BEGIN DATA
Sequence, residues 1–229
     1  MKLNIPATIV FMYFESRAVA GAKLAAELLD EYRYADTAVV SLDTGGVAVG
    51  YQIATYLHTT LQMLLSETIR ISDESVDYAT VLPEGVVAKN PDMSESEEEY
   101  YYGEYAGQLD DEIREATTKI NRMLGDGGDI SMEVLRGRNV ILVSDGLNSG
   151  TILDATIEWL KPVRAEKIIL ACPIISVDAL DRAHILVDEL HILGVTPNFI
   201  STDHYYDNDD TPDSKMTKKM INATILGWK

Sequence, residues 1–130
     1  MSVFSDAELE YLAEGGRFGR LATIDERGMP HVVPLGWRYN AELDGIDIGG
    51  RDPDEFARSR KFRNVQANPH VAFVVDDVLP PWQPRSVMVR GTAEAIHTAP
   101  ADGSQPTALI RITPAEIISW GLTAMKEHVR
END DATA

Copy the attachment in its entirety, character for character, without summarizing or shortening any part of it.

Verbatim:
Sequence, residues 1–229
     1  MKLNIPATIV FMYFESRAVA GAKLAAELLD EYRYADTAVV SLDTGGVAVG
    51  YQIATYLHTT LQMLLSETIR ISDESVDYAT VLPEGVVAKN PDMSESEEEY
   101  YYGEYAGQLD DEIREATTKI NRMLGDGGDI SMEVLRGRNV ILVSDGLNSG
   151  TILDATIEWL KPVRAEKIIL ACPIISVDAL DRAHILVDEL HILGVTPNFI
   201  STDHYYDNDD TPDSKMTKKM INATILGWK

Sequence, residues 1–130
     1  MSVFSDAELE YLAEGGRFGR LATIDERGMP HVVPLGWRYN AELDGIDIGG
    51  RDPDEFARSR KFRNVQANPH VAFVVDDVLP PWQPRSVMVR GTAEAIHTAP
   101  ADGSQPTALI RITPAEIISW GLTAMKEHVR